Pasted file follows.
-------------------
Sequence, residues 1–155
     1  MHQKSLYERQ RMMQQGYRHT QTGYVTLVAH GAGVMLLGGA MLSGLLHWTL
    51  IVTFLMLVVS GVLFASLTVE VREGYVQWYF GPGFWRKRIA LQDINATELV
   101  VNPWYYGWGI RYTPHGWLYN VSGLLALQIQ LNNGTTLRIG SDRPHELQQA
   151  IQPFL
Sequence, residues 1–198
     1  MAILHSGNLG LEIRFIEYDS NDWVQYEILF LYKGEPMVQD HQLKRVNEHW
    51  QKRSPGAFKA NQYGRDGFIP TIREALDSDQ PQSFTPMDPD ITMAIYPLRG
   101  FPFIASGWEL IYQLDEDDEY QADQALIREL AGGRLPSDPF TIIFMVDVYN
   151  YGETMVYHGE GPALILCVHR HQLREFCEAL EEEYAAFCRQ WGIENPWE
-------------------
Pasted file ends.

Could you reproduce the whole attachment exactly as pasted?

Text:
Sequence, residues 1–155
     1  MHQKSLYERQ RMMQQGYRHT QTGYVTLVAH GAGVMLLGGA MLSGLLHWTL
    51  IVTFLMLVVS GVLFASLTVE VREGYVQWYF GPGFWRKRIA LQDINATELV
   101  VNPWYYGWGI RYTPHGWLYN VSGLLALQIQ LNNGTTLRIG SDRPHELQQA
   151  IQPFL
Sequence, residues 1–198
     1  MAILHSGNLG LEIRFIEYDS NDWVQYEILF LYKGEPMVQD HQLKRVNEHW
    51  QKRSPGAFKA NQYGRDGFIP TIREALDSDQ PQSFTPMDPD ITMAIYPLRG
   101  FPFIASGWEL IYQLDEDDEY QADQALIREL AGGRLPSDPF TIIFMVDVYN
   151  YGETMVYHGE GPALILCVHR HQLREFCEAL EEEYAAFCRQ WGIENPWE